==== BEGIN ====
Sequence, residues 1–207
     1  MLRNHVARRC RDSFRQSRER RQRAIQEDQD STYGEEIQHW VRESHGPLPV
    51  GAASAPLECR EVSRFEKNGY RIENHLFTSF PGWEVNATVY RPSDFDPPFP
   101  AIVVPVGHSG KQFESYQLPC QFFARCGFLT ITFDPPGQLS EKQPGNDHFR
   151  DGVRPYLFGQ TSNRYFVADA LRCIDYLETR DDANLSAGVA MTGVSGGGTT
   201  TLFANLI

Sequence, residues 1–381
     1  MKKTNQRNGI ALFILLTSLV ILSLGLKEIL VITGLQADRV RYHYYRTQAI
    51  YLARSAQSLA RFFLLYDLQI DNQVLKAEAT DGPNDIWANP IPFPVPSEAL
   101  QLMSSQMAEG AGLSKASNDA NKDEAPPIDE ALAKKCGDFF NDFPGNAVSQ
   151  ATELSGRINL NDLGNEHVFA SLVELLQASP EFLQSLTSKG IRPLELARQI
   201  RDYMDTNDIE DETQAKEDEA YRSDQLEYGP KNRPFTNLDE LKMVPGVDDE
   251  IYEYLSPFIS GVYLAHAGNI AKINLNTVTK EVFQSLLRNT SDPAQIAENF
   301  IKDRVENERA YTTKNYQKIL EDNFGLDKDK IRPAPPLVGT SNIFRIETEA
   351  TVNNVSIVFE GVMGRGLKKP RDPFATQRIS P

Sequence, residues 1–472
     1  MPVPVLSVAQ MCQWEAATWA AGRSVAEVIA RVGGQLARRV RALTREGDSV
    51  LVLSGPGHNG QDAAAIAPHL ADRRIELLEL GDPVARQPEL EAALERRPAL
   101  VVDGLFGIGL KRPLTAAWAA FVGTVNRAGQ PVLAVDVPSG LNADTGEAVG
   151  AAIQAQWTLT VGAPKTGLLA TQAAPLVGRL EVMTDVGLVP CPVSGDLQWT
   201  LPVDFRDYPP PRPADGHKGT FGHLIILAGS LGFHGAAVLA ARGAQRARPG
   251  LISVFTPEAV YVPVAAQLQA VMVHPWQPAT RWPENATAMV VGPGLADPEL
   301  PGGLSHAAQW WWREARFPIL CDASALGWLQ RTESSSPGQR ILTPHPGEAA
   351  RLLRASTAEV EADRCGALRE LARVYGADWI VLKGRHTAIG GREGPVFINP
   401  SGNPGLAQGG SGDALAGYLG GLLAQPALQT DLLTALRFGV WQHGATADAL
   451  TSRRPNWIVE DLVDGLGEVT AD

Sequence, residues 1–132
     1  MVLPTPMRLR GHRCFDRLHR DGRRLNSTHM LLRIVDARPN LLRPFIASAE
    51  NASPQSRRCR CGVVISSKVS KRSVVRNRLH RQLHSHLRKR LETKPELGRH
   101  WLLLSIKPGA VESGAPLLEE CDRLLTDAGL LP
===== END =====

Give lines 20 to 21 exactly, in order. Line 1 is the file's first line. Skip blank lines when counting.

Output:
   151  AAIQAQWTLT VGAPKTGLLA TQAAPLVGRL EVMTDVGLVP CPVSGDLQWT
   201  LPVDFRDYPP PRPADGHKGT FGHLIILAGS LGFHGAAVLA ARGAQRARPG